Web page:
1. What cell lines are been used in ToxCast assays? Mouse vs. rat vs human cells; Hepatocytes, primary cells from Spleen or Thymus? This information should be provided in the manuscript.
  2. The authors have not addressed the effects of concentrations that were used in ToxCast assays: toxic concentration or concentrations more closed to human exposure
  3. In general, immune response is systemic effects, requiring multiple tissues and cell types. The authors should address this.
  4. The effects of PFAS agents are primarily mediated by PPAR activation, but not Nrf2. The authors may discuss whether and how these signaling pathways are differently activated in the in vivo and in vitro conditions

 

Author Response

  1. What cell lines are been used in ToxCast assays? Mouse vs. rat vs human cells; Hepatocytes, primary cells from Spleen or Thymus? This information should be provided in the manuscript.

Author response: ToxCast in vitro assays use a variety of both cell-free (biochemical assays) and cell-based assay platforms and cell lines. Example of cell-based assays include human primary cells and cell lines (such as HepG2 hepatocyte carcinoma) and rat primary liver cells. Human primary cells are used for assays under the ToxCast BioSeek platform. While these primary cells are not from spleen or thymus, the BioSeek assays include peripheral blood mononuclear cells  which are relevant for immune toxicity assessment.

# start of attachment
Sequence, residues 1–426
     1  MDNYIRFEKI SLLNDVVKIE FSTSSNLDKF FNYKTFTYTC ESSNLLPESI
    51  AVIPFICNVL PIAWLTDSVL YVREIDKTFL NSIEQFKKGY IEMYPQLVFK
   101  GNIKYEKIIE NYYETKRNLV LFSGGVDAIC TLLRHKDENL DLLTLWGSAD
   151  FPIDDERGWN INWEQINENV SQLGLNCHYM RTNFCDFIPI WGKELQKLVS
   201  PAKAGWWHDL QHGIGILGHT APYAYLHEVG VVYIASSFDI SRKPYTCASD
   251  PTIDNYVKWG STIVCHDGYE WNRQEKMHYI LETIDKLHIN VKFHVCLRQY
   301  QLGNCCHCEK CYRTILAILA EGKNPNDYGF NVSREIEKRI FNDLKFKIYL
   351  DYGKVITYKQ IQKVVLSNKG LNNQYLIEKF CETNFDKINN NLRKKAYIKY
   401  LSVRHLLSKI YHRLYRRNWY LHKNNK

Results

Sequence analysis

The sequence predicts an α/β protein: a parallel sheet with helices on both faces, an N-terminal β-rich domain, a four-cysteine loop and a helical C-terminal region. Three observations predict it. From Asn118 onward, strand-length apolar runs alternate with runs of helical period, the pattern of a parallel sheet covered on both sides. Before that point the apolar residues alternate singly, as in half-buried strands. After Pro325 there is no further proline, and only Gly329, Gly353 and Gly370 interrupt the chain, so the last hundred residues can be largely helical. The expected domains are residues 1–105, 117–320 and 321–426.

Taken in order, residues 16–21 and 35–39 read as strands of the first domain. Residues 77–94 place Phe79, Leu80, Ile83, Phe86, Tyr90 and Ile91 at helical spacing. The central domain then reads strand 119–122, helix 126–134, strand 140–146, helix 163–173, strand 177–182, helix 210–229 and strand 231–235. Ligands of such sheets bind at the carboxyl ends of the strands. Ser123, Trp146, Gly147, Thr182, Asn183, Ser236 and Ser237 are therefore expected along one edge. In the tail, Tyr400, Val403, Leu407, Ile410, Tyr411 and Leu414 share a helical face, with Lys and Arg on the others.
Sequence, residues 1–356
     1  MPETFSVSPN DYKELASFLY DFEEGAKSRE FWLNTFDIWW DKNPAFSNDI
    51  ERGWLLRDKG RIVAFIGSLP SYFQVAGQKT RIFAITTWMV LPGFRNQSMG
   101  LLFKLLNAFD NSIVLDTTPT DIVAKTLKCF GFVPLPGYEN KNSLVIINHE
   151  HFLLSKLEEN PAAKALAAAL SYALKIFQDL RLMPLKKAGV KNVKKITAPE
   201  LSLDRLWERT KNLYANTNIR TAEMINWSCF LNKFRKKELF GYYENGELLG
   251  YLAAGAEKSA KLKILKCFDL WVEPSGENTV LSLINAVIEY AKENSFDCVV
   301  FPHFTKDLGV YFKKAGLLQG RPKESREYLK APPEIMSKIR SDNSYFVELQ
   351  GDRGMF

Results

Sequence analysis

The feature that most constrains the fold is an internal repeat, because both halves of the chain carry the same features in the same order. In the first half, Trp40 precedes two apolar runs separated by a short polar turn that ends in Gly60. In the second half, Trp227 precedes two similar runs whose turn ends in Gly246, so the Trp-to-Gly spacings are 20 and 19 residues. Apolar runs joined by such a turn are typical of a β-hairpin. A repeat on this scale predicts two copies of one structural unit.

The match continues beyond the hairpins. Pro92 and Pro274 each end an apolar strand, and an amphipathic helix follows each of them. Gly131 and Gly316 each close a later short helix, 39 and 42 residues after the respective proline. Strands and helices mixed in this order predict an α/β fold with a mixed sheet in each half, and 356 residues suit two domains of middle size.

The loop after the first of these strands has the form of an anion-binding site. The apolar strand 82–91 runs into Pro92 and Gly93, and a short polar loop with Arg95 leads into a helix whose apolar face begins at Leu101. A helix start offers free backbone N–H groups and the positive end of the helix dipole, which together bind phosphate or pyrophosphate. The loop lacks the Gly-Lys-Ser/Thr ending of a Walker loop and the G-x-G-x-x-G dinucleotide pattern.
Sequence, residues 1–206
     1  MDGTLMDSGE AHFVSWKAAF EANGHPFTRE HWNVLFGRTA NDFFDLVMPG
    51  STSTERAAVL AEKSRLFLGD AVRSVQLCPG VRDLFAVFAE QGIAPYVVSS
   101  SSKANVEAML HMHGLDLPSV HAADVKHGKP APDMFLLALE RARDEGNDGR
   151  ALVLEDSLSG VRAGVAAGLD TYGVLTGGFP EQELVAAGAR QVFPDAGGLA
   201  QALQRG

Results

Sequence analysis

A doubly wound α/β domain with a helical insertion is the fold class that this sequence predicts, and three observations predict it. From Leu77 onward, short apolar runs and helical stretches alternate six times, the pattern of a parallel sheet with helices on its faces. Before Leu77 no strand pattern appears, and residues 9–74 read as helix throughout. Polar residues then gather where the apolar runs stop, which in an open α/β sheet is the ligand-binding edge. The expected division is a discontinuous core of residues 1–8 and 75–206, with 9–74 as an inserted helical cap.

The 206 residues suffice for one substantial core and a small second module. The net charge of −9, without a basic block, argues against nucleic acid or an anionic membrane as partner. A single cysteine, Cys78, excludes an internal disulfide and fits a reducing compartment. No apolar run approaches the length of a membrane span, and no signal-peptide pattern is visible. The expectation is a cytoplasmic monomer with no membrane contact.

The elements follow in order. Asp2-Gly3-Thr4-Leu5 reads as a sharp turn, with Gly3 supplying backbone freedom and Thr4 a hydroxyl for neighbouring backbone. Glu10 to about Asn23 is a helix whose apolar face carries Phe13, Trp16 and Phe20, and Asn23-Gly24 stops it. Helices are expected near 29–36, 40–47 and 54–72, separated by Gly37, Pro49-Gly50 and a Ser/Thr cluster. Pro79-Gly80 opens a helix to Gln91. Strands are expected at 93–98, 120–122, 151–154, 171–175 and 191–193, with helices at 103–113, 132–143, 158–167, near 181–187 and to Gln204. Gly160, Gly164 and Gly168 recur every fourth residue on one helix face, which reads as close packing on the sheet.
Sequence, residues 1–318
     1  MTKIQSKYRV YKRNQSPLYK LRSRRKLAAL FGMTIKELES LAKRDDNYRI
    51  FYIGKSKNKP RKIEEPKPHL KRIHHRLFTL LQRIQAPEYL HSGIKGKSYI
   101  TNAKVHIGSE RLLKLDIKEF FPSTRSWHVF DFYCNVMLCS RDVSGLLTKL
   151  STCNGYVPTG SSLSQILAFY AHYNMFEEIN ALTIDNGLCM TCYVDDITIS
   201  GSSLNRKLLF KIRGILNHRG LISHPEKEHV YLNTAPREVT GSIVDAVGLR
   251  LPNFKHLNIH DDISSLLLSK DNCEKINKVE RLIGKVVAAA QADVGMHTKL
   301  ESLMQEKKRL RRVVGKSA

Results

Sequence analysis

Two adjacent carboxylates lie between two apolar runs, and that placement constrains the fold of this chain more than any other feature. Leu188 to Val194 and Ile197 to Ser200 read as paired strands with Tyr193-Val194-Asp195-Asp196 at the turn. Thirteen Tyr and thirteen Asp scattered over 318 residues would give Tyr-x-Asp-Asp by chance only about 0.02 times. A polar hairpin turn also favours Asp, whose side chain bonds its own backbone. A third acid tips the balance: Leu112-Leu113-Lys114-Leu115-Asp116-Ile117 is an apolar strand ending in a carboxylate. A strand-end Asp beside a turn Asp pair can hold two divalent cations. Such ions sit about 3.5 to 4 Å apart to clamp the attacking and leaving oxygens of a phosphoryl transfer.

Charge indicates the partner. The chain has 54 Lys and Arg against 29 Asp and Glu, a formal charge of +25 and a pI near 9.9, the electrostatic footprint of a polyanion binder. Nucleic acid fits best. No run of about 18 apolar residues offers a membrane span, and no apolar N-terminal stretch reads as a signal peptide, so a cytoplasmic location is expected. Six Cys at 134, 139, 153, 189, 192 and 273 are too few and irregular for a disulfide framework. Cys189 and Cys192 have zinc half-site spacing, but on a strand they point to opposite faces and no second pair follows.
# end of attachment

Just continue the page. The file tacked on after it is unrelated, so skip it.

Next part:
Newly added and/or revised text on this topic is noted below, together with the line numbers in the manuscript with track changes.

Lines 101-103, “The ToxCast program comprises hundreds of high-throughput assays developed under different assay platforms, including both cell-free and cell-based assays [31]”

Lines 286-289, “The majority of assays identified in Table 3 come from the BioSeek assay platform in Toxcast. This high-throughput platform is based on primary human cells, and individual BioSeek assays may include endothelial cells, peripheral blood mononuclear cells, bronchial epithelial cells, or fibroblasts [48].”

Lines 292-294, “Since the BioSeek assay platform is based on human cells, substance activity in these assays suggests relevance for the human immune system.”

 

Lines 408-410, “For TBHQ, we saw general concordance between immune targets identified in assays on mice or in murine cells (Table B1) and ToxCast targets in primary human cells (the BioSeek assays).”